‘Black Panther’ Breaks Barriers On Screen and Off
February 12, 2018
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Marvel’s latest superhero story hasn’t yet hit theaters, but it’s already catalyzing change for all future films of its genre.
Audiences have been pushing for diversity in their favorite franchises for a long time, and it seems that major studios are finally taking note. From Patty Jenkins’ “Wonder Woman” to Diego Luna’s induction into ‘Star Wars,’ more people are getting the opportunity to see themselves represented as main members of the most prolific on-screen universes.
“Black Panther” isn’t slated for release until Feb. 16, but its impact has already been felt by audiences and studios alike. The film boasts a 98 percent score on Rotten Tomatoes and has outsold every preceding superhero film in advanced ticket sales, according to Fandango.com. This anticipation can be attributed to many things — including Marvel’s devoted fanbase — but to ignore the aspects of the film that diversify it from its predecessors would be to downplay the importance of diversification in the media as a whole.
Often, when discussing the relationship between race representation and media, criticism arises when the representation feels contrived. Audiences can sense when a studio doesn’t wholeheartedly support a diversity push because significantly less marketing and budget is allocated to it than to other projects. Marvel, contrarily, spared no expense and devoted $200 million to bring Wakanda to life –– a budget comparable to successes like “The Avengers” or “Captain America.”
Instead of trying to mask the narrative’s roots in black culture, Marvel chose to surround the project with black artists, including award winning filmmaker Ryan Coogler, Academy Award Winning actress Lupita Nyong’o and Grammy Award Winning rapper Kendrick Lamar, who made significant contributions to the film’s soundtrack. The film is also being released during Black History Month and features a predominantly black cast — the first film of this scale to do so.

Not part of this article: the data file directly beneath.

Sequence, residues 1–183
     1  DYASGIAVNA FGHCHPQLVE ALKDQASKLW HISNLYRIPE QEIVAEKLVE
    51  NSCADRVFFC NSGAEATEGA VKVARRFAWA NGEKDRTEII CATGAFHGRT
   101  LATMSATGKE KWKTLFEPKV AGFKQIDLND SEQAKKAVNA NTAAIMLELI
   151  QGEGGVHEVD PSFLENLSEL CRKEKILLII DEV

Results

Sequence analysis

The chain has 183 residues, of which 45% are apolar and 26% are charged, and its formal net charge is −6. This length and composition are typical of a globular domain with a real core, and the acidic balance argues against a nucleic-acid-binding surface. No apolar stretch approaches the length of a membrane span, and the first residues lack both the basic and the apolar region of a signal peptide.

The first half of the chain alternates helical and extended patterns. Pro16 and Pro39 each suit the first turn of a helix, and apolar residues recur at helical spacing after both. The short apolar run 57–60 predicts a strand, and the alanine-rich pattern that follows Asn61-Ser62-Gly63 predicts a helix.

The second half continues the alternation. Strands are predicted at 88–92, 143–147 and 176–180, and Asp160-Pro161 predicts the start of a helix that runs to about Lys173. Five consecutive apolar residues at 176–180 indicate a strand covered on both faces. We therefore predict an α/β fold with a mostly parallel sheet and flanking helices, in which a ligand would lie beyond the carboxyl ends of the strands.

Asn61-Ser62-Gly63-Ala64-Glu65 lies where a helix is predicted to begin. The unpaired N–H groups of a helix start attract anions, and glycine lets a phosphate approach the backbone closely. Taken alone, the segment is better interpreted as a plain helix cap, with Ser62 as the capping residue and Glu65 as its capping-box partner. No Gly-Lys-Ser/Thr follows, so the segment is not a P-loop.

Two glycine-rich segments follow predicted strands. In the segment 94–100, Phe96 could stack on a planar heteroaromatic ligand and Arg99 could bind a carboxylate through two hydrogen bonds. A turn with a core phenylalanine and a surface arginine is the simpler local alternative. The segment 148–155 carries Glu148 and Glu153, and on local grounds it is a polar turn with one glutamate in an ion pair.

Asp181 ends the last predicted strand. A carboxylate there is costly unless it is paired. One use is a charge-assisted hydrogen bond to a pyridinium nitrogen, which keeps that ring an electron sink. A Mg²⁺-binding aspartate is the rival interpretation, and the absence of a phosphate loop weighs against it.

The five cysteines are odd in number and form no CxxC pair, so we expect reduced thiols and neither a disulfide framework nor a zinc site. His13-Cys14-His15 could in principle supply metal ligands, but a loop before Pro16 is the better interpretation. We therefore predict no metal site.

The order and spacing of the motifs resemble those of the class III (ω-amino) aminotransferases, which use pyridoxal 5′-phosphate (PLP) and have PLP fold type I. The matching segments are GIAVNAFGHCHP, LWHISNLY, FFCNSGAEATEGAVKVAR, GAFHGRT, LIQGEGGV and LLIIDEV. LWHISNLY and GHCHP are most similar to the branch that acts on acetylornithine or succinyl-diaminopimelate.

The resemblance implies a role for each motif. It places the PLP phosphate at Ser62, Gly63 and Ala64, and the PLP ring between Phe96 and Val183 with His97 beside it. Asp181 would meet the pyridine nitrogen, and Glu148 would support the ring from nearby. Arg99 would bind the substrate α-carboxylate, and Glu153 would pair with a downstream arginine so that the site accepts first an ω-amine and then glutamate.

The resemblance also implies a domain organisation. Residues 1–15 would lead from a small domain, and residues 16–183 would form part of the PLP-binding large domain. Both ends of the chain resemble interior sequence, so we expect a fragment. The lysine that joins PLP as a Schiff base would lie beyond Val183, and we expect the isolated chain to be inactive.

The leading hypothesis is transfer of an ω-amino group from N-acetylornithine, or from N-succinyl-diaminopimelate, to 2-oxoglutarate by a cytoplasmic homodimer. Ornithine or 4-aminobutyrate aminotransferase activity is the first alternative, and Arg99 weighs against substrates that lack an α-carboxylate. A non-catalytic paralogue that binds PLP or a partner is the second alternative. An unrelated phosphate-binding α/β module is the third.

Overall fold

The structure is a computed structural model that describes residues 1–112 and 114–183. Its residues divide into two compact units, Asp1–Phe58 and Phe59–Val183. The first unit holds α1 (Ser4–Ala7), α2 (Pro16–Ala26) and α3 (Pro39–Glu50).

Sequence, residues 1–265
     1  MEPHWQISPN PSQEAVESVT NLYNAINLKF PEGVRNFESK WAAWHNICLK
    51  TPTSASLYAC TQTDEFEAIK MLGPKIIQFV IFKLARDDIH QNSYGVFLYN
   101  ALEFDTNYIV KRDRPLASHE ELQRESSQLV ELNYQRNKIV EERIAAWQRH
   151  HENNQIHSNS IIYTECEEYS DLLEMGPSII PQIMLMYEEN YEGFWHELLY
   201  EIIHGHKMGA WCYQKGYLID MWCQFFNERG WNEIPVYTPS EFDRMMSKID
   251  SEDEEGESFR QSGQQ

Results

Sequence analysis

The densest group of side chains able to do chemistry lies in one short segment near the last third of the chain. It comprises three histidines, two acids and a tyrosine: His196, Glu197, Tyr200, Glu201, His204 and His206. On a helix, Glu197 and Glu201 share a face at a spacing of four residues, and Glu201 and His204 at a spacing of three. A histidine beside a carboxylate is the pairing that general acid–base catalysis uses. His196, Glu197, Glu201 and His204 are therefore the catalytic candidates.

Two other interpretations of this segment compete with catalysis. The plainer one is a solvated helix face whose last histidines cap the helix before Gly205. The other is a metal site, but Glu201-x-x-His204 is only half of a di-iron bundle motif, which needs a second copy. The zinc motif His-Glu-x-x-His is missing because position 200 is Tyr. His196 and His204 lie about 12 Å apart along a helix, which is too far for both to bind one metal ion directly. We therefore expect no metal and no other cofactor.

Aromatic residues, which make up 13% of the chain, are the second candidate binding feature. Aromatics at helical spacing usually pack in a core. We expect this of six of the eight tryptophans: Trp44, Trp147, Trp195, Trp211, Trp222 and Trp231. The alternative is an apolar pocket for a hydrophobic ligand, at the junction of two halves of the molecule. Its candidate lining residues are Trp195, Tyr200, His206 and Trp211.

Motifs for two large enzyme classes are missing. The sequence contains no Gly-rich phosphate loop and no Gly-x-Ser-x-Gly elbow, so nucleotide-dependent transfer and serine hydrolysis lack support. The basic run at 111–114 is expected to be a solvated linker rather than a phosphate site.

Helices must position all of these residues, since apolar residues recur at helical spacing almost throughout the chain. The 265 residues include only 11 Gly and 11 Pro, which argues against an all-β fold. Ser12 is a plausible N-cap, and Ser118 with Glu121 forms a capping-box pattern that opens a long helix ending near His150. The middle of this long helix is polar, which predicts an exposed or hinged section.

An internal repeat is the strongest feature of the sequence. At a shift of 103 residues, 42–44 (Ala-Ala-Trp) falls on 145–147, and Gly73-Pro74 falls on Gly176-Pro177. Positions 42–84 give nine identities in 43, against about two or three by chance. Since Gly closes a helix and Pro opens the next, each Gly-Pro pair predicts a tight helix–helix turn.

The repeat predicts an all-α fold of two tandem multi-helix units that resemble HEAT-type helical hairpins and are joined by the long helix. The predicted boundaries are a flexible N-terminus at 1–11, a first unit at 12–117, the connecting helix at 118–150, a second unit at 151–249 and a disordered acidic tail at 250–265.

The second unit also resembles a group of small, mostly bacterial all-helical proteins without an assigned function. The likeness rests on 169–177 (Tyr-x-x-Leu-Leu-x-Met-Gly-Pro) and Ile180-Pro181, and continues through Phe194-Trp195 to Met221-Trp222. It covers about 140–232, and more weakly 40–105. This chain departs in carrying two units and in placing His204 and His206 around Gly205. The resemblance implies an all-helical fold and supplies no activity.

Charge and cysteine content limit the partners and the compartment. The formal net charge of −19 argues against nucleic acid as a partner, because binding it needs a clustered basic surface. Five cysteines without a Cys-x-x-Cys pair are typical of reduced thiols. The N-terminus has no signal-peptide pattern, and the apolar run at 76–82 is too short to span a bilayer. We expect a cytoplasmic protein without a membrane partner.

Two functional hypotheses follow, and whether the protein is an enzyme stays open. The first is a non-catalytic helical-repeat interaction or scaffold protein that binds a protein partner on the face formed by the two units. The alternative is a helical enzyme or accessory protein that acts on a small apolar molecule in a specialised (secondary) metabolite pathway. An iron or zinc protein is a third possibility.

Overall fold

By choosing to treat diversity as an inextricable part of the movie’s production, Marvel ensures that the universe will feel honest and authentic. Additionally, the preemptive praise and excitement proves that diversity and differentiation will help prevent the superhero genre — which has become fairly standardized — from becoming irrelevant.
NYU students and professors echo the industry’s demonstrated positive inclinations toward the film. Tisch Professor and Chief Film Critic at IndieWire Eric Kohn tweeted support for “Black Panther” on Jan. 30.
#BlackPanther is riveting on many levels: visually astonishing, but more importantly, so unpredictable. Incredible to watch a major blockbuster celebrate blackness while exploring its relationship to various facets of pop culture. “Stop scaring me,” colonizer!” #wakanda4ever
— erickohn (@erickohn) January 30, 2018
Tisch junior Jeremy Lawrence reinforces the notion that diversity seems to be an advantage for “Black Panther.”
“It looks like a serious deviation from every other Marvel movie so far, which makes me more excited for it,” Lawrence said. “So far everyone I’ve talked to seems excited too.”
To be clear, “Black Panther” is a movie that needed to be made not because it deserves to be, but because it is the kind of story that has been denied to audiences for a long time. It is an instance in film history where black characters not only take the stage but are given the stage with the support of other black creators.
While this may feel like a step forward in a changing industry, some are still skeptical as to whether the change happened organically.
“What Hollywood was doing before worked well enough for hollywood –– money-wise, at least –– and they wouldn’t really have had a reason to change anything unless people who cared said there was a problem,” Lawrence said, pointing out that change stemmed from the will of the audience.
By championing films that celebrate diversity, audiences inform studios that diversity in film shouldn’t be considered a risk. Producers have a responsibility to create better and more inclusive content just as consumers have a right to expect and demand more from the content being produced. Movies have always been about reaching and touching audiences, and if companies want to keep and expand viewership, they owe it to viewers of all races, sexes, genders and identities to be included as essential members of the stories being told.
“Black Panther” opens in theaters on Feb. 16.
A version of this article appeared in the Feb. 12 print edition.
Email Zuleyma Sanchez at [email protected]